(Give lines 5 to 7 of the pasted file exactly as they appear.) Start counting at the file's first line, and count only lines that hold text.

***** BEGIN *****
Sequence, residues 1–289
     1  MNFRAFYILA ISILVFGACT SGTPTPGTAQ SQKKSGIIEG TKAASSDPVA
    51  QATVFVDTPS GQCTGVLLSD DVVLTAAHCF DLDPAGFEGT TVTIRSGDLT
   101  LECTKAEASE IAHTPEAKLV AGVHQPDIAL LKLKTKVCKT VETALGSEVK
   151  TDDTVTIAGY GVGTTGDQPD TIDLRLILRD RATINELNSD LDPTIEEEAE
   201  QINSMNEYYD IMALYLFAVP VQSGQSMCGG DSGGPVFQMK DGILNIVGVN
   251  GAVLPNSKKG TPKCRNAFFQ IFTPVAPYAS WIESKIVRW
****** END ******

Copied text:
   151  TDDTVTIAGY GVGTTGDQPD TIDLRLILRD RATINELNSD LDPTIEEEAE
   201  QINSMNEYYD IMALYLFAVP VQSGQSMCGG DSGGPVFQMK DGILNIVGVN
   251  GAVLPNSKKG TPKCRNAFFQ IFTPVAPYAS WIESKIVRW